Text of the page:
Mar 16 2012

Why is it so Hard to Adjust to Daylight Savings Time?

Daylight Savings Time is here!  That means longer days with more sunlight and the promise of spring.  Yet, many people struggle to adjust to the time change and feel sleepier than normal at odd times of the day.  Why is this?

We did some basic research online to shed a little light on this mystery.   It turns out that it just takes a one-hour time change to mess with our circadian rhythms and our “body clocks”.  So, when your alarm went off this morning, your brain knew it was time to get up but your body didn’t get the memo.  And, when you get home tonight, your brain will be delighted that it’s still light outside, but your body will be confused about what time it really is.  In several days time, brain and body should meet up and get on the same page.  But, what to do until then?

Check out these tips from the National Sleep Foundation on everyday sleep habits that can ease the time change and help us sleep better every night: 

    <li >Go to sleep and wake at the same time every day, and avoid spending more time in bed than needed.

  1. Use bright light to help manage your “body clock.” Avoid bright light in the evening and expose yourself to sunlight in the morning.
  2. Use your bedroom only for sleep to strengthen the association between your bed and sleep. It may help to remove work materials, computers and televisions from your bedroom.
  3. Select a relaxing bedtime ritual, like a warm bath or listening to calming music.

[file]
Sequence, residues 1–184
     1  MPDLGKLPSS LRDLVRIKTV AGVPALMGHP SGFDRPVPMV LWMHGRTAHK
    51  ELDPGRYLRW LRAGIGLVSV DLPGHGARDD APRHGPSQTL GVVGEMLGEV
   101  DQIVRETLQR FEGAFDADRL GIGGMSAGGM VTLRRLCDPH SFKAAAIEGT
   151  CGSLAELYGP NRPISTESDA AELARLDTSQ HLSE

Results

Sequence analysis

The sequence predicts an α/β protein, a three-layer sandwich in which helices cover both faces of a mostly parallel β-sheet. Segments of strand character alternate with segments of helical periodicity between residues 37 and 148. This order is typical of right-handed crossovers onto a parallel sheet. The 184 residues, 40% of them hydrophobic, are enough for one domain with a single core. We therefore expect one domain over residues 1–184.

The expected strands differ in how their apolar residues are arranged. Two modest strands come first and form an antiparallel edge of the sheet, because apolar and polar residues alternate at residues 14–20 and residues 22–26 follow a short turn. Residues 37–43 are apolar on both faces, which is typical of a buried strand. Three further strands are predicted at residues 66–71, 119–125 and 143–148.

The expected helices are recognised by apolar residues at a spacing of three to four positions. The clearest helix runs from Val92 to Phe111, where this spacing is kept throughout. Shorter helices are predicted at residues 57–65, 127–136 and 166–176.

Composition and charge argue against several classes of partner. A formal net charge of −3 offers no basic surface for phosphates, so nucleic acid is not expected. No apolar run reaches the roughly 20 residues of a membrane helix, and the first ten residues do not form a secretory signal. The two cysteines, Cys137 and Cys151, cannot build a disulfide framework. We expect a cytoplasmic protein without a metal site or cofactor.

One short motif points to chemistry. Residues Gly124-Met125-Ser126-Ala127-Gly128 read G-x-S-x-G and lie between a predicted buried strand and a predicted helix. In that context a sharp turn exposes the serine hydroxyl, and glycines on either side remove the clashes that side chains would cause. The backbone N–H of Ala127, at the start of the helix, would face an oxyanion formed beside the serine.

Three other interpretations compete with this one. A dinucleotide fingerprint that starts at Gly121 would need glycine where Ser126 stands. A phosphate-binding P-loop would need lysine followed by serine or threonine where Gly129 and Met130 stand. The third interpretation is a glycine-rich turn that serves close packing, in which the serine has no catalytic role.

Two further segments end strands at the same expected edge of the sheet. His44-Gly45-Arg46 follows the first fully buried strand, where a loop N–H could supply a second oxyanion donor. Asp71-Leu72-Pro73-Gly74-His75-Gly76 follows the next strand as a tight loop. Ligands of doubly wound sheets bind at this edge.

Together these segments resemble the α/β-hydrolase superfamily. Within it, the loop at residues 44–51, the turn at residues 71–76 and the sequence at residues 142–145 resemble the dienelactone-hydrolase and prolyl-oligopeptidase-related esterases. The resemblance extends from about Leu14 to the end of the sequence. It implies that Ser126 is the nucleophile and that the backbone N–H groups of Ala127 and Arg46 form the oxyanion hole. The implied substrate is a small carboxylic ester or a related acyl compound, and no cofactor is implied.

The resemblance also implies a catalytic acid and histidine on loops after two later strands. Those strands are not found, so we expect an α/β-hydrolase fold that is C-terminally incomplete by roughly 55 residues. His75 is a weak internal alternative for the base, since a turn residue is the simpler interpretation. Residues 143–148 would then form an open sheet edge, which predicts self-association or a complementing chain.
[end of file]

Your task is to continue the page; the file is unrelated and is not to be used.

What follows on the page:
4. Create an environment that is conducive to sleep that is quiet, dark and cool with a comfortable mattress and pillows.
  5. Save your worries for the daytime. If concerns come to mind, write them in a “worry book” so you can address those issues the next day.
  6. If you can’t sleep, go into another room and do something relaxing until you feel tired.
  7. Exercise regularly, but avoid vigorous workouts close to bedtime.
  8. If you are experiencing excessive daytime sleepiness, snoring, or “stop breathing” episodes in your sleep, contact your health care professional for a sleep apnea screening.

(The content above is owned by the National Sleep Foundation and may not be reproduced, distributed, transmitted, displayed, published or broadcast without the prior written permission of the National Sleep Foundation.)

Did you see tip #5?  That’s right, we often overlook the role our bedroom environment – including the mattress – plays in the quality of our sleep.    This is why Serta and the National Sleep Foundation recently partnered to conduct a national poll about the bedroom environment.  We’ll have the results to share with you in the coming weeks – plus an exciting contest where you can nominate someone in your life to win a new mattress.

Until then, we hope you find these tips helpful, and remember that you can always learn more about Serta’s partnership with the National Sleep Foundation and our new Perfect Sleeper mattresses by visiting





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